Many road surfaces, even on main roads, are in astonishingly bad condition. Around 40,000 people die on Brazil’s roads each year and it is easy to see why.
Since 2008, the Lei Seca (Dry Law) has been in force in Brazil. It is illegal to consume any alcohol at all before driving, and there are regular, random police checks - known as blitzes - across Rio to enforce this, particularly in the late evening. The buying and selling of alcohol at outlets along the federal highways is also prohibited.
Expatriates can drive using a notarised translation of their original driving licence for up to six months – after that, everyone needs to apply for a Brazilian licence. To do this, most nationals of English-speaking countries need only register photos and fingerprints with the federal police and then undergo a psychological test and basic medical exam.
The psychological test is not as daunting as it sounds – it involves questions about your dreams for the future and filling in the missing parts of various simple puzzles and pictures. Nationals of some European countries also have to do a practical driving test.
Owning a car is more of a necessity in Barra da Tijuca than in the zona sul, where many residents manage perfectly well without one, using taxis when needed. Uber operates in Rio, but most expats and visitors use only the premium UberBLACK service. Travelling on the local city buses (as opposed to the BRT) is not generally recommended – passengers frequently fall prey to pickpockets and worse, the vehicles are very crowded and often driven very fast.
Like the well-to-do cariocas, some expatriates have a driver (motorista), but most do not. Driving in Rio may not be for the faint-hearted, but once you are used to the traffic, it is not as scary as it sounds. Grit your teeth, don’t look too hard – and go for it.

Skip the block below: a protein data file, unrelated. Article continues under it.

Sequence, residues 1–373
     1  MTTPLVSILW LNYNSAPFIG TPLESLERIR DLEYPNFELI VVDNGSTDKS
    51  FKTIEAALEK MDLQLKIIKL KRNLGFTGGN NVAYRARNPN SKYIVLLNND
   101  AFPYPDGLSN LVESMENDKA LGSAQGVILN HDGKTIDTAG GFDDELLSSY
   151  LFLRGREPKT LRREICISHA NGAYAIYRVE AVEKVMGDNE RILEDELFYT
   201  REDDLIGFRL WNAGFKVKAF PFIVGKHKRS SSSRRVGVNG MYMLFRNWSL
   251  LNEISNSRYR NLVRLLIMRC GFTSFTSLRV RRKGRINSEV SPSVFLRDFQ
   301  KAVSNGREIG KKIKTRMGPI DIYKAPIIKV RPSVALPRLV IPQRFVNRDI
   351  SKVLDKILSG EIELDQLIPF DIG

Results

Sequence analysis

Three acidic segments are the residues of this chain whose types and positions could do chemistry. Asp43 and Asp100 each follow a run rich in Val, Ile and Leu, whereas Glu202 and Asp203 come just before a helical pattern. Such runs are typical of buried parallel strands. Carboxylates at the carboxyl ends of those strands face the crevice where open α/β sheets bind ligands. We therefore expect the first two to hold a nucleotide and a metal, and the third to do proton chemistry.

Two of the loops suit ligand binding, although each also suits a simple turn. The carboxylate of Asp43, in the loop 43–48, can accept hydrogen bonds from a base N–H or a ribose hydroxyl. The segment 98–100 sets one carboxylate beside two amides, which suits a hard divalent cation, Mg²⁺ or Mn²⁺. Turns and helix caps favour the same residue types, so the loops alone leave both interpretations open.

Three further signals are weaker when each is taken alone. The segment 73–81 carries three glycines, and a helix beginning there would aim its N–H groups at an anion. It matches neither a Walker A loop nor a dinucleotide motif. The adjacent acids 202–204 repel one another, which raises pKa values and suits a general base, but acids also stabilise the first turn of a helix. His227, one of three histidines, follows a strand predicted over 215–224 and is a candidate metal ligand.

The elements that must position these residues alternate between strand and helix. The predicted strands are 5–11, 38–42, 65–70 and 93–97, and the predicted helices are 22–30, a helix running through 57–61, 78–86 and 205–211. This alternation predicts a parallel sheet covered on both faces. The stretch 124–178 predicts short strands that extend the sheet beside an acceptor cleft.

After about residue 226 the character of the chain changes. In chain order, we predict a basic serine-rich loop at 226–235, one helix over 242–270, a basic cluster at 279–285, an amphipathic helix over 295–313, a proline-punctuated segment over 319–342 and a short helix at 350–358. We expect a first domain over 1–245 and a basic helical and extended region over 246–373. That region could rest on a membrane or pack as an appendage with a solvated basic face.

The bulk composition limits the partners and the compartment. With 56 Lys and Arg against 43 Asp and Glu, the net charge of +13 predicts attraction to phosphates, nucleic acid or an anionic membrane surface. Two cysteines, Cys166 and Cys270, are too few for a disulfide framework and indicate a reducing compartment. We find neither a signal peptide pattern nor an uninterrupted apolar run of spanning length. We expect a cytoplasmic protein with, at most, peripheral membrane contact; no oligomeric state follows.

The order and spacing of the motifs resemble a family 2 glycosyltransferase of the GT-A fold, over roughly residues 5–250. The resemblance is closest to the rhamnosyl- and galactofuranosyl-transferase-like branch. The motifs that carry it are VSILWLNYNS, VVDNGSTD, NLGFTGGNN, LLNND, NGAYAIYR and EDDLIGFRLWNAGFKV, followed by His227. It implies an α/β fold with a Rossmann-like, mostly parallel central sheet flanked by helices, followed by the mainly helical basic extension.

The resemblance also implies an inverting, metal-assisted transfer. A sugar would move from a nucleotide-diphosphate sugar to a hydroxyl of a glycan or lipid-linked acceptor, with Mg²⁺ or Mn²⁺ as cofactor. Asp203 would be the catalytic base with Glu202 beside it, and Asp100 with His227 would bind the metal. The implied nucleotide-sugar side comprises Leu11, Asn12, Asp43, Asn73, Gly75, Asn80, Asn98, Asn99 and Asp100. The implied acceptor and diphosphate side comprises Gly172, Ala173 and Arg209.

Public health services in Rio are generally very poor. There are some exceptions – the major city hospitals have some of the best trauma teams in Latin America, as unfortunately, they have lots of practice in putting people back together again. People involved in serious accidents are taken to these municipal hospitals, and once stabilised, may be moved to private facilities.
Healthcare in the private sector in Rio is very good, and easily the equal of what is available throughout most of Europe and North America. As in the USA, people are completely free to choose their doctors and other healthcare professionals and appointments can be made directly with specialists, without the need for a referral. Many doctors speak English, as many complete their medical studies in the USA. Private hospitals usually offer full emergency services.
Expats regularly have babies in Rio – and those children will automatically have Brazilian citizenship. Caesarean births are very popular, though, so sometimes having a normal delivery involves a bit of a fight.
It is essential for all expatriates to have fully comprehensive medical insurance. This is available locally or from international providers. Many doctors and clinics have arrangements with the insurers, so that payment can be made direct.
Cosmetic surgery is very big business in Rio – spot-the-silicone is a good game for the beach. Many ordinary Brazilians have had a little nip or tuck here or there. Some expatriates take advantage of these services, while living in the city.
There are plenty of good dentists in Rio – many offering extensive cosmetic procedures as well as the basics. While treatment is not cheap, the cost is often lower than it would be elsewhere.
Most middle-class professionals, both local and expatriate, live in apartments or houses with 24-hour-security. Usually homes are located within a condominium, which often offers other facilities and services as well, such a pool or a gym. Some large condominiums have restaurant and shopping facilities too.
Houses and apartments usually have three or four bedrooms – in newer properties, all will be ensuite. Some bigger houses have an extra floor or wing, with separate access, designed to accommodate older children or other relatives. Almost all have a maid’s room and bathroom. Kitchens are often disappointing for expatriates – often dingy, dark and basic. This is because in Rio, it is assumed that someone other than you will be doing all the hard work.